The Lake District (02:34)
This segment introduces viewers to the issues addressed in the original "Too Much Tourism." The environmental issues addressed in the 1996 film persist today.
Too Much Tourism? (05:16)
The Lake District was lonely wilderness with few inhabitants until the invention of trains and cars opened up the area for tourism. Tourism requires management.
The Lake Windermere Controversy (03:52)
The largest lake in England is in conflict with the tourist industry and environmentalists. During the late 1980s, there was a boom in the use of speedboats on the lakes. Conservationist did not like the peace and quiet being interrupted.
2016 Update: The Lake Windermere Controversy (01:09)
The ten mile per hour speed limit on Lake Windermere was imposed in 2005, with exemptions for special events on the lake. Some local businesses have suffered, but many others have benefited.
Blots on the Landscape? (06:05)
Jan Darrall of Friends of the Lake District explains how Hayes Garden World has grown commercially over time. She believes it is now out of scale with its surroundings and has made suggestions to make the business smaller.
2016 Update: Blots on the Landscape? (01:10)
Large supermarkets have arrived in Ambleside and there are plans for a power plant to run electricity lines. Critics say they could be run offshore. Developers have the right to appeal decisions against expansion.
Too Much Traffic? (05:19)
An Ambleside resident says people who live locally have delays imposed on them every day. Pollution has increased in the area. Local shops keep their doors open during business hours and have to breathe car exhaust.
Traffic Management (06:47)
In 1993, an attempt was made to free up congested roads when the Cumbria Tourist Board, County Council, National Park Authority, and the Countryside Commission got together.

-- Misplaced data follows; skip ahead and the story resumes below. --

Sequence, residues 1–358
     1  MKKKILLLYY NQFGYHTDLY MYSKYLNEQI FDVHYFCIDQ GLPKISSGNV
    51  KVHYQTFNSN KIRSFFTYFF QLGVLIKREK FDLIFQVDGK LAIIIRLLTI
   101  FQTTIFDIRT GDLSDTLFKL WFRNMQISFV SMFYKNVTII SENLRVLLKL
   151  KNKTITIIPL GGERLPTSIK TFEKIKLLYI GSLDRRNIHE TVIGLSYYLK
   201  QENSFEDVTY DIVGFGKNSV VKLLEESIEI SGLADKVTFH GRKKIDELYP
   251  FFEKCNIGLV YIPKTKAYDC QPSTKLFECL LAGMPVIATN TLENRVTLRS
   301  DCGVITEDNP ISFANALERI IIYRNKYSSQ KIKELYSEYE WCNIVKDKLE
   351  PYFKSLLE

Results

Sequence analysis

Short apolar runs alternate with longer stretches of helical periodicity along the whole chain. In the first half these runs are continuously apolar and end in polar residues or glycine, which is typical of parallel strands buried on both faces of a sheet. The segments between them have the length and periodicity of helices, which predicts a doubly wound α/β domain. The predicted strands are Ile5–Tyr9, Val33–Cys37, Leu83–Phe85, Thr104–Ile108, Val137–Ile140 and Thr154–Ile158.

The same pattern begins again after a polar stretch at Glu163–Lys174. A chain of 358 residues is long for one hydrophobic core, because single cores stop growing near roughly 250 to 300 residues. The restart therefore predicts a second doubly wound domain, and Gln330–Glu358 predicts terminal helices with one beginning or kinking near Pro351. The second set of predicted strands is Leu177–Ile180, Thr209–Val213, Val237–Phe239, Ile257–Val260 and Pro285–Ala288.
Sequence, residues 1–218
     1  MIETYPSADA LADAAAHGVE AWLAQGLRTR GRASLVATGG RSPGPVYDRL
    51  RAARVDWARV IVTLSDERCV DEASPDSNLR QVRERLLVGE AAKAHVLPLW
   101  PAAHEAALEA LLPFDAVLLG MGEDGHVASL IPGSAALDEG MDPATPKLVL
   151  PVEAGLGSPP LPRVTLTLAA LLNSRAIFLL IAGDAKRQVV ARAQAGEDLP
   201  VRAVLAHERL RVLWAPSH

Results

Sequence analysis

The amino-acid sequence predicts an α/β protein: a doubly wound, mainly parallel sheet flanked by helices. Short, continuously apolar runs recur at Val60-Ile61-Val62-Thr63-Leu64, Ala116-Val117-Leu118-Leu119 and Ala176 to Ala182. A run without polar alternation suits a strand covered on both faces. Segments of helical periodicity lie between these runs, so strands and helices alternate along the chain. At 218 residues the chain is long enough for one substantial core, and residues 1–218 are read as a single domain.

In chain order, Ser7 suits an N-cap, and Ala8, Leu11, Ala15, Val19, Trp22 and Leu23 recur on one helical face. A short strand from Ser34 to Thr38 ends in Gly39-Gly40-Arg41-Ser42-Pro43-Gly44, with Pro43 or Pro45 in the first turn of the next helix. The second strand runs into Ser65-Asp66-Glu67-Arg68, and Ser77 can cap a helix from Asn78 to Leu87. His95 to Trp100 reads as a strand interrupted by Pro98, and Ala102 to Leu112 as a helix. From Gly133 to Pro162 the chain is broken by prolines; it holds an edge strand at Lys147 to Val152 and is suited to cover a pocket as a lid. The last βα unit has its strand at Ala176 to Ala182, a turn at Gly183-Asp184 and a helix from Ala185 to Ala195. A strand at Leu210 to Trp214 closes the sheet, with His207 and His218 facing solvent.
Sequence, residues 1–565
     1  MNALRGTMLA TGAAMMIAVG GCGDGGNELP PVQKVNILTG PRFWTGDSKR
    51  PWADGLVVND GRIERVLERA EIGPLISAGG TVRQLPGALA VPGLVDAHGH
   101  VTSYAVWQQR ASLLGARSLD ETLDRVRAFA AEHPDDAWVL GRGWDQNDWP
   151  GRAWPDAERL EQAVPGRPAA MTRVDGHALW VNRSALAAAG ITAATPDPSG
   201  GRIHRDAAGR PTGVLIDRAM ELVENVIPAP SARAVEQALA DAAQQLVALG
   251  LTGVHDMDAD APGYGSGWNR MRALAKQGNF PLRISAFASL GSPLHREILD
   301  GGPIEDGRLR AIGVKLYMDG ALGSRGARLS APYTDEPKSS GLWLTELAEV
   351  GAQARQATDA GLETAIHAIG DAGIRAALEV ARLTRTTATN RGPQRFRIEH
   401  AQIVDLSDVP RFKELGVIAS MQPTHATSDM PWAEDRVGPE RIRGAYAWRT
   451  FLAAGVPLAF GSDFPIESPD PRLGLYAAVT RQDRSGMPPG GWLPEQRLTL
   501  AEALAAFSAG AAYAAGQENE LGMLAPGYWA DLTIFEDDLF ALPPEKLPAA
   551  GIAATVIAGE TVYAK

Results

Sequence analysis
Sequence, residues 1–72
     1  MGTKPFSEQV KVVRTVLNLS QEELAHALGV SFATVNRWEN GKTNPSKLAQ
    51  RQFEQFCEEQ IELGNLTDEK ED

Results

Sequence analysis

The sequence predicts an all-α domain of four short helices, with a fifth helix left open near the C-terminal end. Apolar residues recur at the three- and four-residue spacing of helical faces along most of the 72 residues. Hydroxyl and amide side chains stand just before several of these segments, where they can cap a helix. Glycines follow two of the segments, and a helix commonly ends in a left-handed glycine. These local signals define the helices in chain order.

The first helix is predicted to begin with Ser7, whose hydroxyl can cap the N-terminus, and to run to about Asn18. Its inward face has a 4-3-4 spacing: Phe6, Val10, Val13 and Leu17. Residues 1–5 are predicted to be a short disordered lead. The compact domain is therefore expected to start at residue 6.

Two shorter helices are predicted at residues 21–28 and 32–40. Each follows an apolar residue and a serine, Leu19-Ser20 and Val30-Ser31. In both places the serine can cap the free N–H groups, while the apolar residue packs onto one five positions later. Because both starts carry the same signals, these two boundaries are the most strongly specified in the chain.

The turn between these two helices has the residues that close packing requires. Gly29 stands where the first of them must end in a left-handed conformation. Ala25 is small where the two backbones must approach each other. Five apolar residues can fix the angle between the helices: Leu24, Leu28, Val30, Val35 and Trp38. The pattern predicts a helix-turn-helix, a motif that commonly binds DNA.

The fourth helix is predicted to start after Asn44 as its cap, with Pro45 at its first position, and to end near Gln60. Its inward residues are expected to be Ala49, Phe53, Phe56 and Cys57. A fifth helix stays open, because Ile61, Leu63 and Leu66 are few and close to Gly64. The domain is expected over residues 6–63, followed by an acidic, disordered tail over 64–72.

Public Transport (02:22)
People agree that a good bus system in Ambleside would be used. Steamboats have been ferrying people around the lake for years. Les Micklethwaite describes how boats can be used as public transportation.
2016 Update: Public Transportation (00:60)
No bypass or relief road for Ambleside was built, despite an attempt to revive the plan in 2012. The Go Lakes project helped road congestion and encouraged visitors to use low emission cars.
Restrict Tourism? (07:07)
The tourist lobby is against any plan that would restrict tourist numbers. Adrian Marklew of the National Trust states that Europe is opening up to more tourism. He believes the Lake District still needs to attract people.
The Future (02:29)
More tourism is predicted for the future in Ambleside. Visitor numbers are booming at the zoo. There is an oasis holiday village still under construction; when completed it will bring more congestion and pressure to the area.
2016 Update: The Future (04:18)
Tourists come to the Lake District for natural scenery and man-made attractions like zip-wires. The line between the two types of amenities is blurred. Tourism means jobs and income for the local people, but government cuts led to the closure of some visitor centers.
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